9. QL definitions (ctd.) • Important quantitative competencies are those that can be used to solve problems people would frequently encounter on the job or in their roles as citizens or parents. Quantitative competencies require identifying and solving problems not in algebra and geometry, but in the five SCANS competency domains such as planning, information, and systems analysis. -- Arnold Packer, economist • Quantitative reasoning as an interpretive activity that takes place within a deductively structured framework. It involves a tapestry of meaning provided by a warp of abstract patterns and a weft of context and story line. In quantitative reasoning, context provides meaning. -- George Cobb, statistician

  10. Changing credit sources as catalyst • State mandates … • Credit received for any AP test result ≥3 • Transfer and online credit • So, GenEd (Miami Plan) + CAS Formal Reasoning (+ other requirements) could be satisfied outside of MU

  11. A process for revision • We are not alone • What we did • What we have yet to do

  12. We are not alone • The promotion of “education that integrates quantitative skills across all disciplines and at all levels” is key part of the scope of Numeracy (see H L. Vacher and Dorothy Wallace (2008) "The Scope of Numeracy," Numeracy: Vol. 1 : Iss. 1, Article 1. Available at: http://services.bepress.com/numeracy/vol1/iss1/art1). • The case for numeracy in schools is not a call for more mathematics, nor even for more applied (or applicable) mathematics. It is a call for a different and more meaningful pedagogy across the entire curriculum. In life, numbers are everywhere, and the responsibility for fostering quantitative literacy should be spread broadly across the curriculum. Quantitative thought must be regarded as much more than an affair of the mathematics classroom alone." (Lynn Steen: Writing in Education Week on the Web [Wednesday, September 5, 2001, Volume 21, Number 1, p. 58]

  13. Current liberal education requirements • Schield (2010) reported on a 2009 SIGMAA-QL survey of QR requirements • 26% response rate from 4 yr. schools (n=275) • Requirement? • Traditional math. – sci. division req.(30%) • College wide quant. req. (87%)

  14. Quant. grad. Requirements (ctd.) • Common courses? • Calc. – 92% • Stat/research methods – 74% • Math for liberal arts – 60% … • Satisfy QR outside of math – 43% • Assessment • pre./entry eval. – 32% • Post/exit eval. – 20% >> Quant. support center – 68%

  15. What we did … • QL FLC met for two years • Proposed revision to CAS requirements to address QL core competency (in addition to a proposed writing core competency) • Current status – received by CAS with implementation plans evolving • Details?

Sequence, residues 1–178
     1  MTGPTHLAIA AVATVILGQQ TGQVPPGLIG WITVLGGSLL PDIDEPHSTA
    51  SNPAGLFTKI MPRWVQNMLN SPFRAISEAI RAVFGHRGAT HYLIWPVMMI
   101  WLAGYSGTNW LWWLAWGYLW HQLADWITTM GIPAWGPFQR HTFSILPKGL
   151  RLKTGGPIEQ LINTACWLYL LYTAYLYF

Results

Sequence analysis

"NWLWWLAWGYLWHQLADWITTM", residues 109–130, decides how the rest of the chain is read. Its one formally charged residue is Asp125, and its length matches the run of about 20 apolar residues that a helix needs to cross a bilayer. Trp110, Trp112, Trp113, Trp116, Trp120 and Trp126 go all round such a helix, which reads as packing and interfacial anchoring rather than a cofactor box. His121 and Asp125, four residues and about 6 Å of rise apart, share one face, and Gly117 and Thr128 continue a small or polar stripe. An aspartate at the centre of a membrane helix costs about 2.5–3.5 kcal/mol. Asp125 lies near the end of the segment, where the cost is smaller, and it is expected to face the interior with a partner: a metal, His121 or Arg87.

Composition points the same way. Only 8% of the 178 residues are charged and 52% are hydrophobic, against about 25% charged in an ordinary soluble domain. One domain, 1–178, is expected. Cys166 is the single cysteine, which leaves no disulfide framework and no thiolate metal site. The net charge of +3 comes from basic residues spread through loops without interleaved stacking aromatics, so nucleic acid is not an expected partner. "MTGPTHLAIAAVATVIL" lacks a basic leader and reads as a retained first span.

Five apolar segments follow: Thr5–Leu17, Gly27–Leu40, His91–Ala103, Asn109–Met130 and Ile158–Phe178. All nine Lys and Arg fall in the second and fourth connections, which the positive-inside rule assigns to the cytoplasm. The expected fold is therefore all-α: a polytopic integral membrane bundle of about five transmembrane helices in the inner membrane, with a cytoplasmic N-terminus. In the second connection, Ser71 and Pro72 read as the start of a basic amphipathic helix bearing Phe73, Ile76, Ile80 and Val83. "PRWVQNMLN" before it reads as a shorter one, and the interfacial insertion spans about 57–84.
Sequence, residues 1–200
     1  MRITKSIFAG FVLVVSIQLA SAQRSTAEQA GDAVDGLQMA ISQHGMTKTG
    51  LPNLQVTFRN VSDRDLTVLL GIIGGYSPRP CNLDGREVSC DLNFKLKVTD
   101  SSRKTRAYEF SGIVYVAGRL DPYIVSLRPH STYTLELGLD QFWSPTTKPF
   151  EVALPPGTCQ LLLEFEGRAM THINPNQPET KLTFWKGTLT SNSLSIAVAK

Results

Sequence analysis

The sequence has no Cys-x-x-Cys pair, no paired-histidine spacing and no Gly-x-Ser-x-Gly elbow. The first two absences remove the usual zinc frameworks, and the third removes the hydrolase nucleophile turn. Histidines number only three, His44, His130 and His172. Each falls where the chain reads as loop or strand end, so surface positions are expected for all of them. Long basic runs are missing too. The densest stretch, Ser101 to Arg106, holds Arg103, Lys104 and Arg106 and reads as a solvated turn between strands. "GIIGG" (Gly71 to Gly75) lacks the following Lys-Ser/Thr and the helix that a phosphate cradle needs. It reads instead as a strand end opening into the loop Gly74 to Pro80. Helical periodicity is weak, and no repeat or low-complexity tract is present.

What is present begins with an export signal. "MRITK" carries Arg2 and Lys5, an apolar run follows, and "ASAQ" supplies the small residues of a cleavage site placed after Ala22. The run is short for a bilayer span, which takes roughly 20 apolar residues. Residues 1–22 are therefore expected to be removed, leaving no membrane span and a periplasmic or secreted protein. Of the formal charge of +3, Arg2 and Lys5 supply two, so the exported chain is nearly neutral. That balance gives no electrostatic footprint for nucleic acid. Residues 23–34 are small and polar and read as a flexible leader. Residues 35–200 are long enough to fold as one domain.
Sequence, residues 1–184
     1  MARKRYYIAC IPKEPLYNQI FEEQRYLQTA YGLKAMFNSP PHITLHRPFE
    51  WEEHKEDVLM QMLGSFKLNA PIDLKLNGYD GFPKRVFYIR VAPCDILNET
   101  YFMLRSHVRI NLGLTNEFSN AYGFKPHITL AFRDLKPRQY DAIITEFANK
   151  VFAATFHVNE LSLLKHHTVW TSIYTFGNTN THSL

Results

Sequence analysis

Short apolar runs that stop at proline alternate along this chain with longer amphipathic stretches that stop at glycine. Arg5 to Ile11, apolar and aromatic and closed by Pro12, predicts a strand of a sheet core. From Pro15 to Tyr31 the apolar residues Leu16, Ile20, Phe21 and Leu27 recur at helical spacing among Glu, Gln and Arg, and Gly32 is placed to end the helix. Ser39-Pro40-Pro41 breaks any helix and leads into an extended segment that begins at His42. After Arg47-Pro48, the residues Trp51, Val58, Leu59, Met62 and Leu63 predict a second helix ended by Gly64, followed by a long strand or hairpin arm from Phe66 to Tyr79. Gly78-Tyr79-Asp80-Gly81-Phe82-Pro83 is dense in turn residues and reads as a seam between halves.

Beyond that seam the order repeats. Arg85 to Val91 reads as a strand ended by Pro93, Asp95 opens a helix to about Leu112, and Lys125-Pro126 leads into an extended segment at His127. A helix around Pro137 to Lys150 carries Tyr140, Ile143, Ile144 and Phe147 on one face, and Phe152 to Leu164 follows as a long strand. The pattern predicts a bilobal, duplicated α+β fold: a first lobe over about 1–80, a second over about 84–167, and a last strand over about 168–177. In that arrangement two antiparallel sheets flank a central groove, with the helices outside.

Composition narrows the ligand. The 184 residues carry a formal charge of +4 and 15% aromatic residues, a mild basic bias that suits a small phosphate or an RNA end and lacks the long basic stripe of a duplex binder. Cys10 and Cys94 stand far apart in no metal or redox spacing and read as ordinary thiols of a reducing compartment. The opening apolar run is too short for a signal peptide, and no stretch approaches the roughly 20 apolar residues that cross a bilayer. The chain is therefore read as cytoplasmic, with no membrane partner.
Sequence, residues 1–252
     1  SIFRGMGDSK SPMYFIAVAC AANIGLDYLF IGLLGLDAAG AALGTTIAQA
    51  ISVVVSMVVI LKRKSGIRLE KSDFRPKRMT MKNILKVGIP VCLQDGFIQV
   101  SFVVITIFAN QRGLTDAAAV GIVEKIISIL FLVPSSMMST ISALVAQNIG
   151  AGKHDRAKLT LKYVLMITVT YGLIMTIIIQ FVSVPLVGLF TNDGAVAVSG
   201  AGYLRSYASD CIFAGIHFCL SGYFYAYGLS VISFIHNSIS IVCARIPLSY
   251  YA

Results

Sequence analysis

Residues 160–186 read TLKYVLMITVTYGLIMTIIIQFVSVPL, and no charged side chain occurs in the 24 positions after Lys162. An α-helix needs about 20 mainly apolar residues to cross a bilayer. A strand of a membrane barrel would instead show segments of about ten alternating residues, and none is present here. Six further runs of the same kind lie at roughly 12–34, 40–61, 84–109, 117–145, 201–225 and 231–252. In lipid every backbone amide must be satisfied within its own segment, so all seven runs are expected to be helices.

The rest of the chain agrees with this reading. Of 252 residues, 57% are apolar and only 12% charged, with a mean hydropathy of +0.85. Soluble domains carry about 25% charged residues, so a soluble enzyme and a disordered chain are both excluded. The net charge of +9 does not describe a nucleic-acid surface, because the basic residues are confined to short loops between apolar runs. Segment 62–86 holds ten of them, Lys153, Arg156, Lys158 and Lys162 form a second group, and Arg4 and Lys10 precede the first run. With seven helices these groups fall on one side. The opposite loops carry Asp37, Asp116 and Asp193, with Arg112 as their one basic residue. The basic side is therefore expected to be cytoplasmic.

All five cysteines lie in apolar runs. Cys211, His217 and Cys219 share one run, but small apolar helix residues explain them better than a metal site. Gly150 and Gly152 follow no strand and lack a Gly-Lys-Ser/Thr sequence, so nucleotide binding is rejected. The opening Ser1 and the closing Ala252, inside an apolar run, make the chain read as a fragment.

16. CAS QL requirement-Working Assumptions? • …QL component of many existing courses could be enhanced to address this core competency requirement although departments may choose to introduce a new course in the major that uses QL to achieve course learning objectives. For existing courses, this reflects a documenting how course activities address QL learning outcomes. • The range of the QL learning outcomes (LOs) is extensive. A single course is not going to address all the learning outcomes. • As with many of the core competency requirements, we do not expect that every department or program in the college will provide a QL course as part of their course offerings. • Departments and programs will decide if particular QL courses will be required as part of their programs. • A course from another division that meets the CAS-QL requirements could qualify.

  17. What is the MU QL core competency requirement? • one-course requirement (3+ h) above and beyond MPF V coursework satisfied while a student is in residence at Miami. Courses used to satisfy the MPF V requirement may not be used to satisfy the CAS-QL requirement. • A student in a CAS-QL course will move from basic recognition of the quantitative elements of a story, report or argument to more sophisticated critical consumption of quantitative arguments and creation of reports / narratives where quantitative evidence is appropriately used. • Alternatively, the QL class might satisfy the QL skills “Magnitude and measurement of numbers” and “Importance of functional relationships” or the QL skill “Summarizing information and making inferences.